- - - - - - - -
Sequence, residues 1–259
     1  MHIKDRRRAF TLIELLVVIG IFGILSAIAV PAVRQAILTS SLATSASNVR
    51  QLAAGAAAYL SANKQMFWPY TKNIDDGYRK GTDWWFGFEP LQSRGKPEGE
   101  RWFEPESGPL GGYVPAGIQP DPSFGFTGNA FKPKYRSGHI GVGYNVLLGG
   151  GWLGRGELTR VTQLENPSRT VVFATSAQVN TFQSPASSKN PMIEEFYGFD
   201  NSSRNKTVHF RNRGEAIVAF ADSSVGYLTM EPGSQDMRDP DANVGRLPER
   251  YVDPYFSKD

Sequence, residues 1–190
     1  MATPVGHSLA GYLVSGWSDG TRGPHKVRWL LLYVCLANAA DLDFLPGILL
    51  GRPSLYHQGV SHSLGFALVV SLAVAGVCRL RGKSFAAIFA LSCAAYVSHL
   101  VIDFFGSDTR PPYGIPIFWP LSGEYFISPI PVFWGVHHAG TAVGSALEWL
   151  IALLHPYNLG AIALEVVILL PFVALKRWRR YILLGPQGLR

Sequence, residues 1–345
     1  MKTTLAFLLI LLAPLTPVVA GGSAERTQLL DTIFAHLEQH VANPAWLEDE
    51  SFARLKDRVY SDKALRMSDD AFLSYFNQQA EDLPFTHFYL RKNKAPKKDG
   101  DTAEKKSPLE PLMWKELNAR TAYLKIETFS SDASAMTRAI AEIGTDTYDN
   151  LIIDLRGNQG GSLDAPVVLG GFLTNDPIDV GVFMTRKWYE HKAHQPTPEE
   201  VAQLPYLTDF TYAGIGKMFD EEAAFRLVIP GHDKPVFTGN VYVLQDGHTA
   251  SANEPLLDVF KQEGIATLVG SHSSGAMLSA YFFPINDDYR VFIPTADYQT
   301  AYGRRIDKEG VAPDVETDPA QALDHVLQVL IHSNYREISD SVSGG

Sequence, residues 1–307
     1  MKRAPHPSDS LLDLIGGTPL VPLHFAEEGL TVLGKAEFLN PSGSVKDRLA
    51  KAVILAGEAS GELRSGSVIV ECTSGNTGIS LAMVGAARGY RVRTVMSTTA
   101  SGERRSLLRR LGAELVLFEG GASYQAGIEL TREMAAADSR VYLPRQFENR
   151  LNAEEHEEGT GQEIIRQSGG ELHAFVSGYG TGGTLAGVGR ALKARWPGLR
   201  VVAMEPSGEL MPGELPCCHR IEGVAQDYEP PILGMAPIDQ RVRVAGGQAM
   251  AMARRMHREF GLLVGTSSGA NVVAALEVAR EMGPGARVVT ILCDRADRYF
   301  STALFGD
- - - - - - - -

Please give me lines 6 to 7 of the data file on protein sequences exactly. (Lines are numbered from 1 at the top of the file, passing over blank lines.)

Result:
   201  NSSRNKTVHF RNRGEAIVAF ADSSVGYLTM EPGSQDMRDP DANVGRLPER
   251  YVDPYFSKD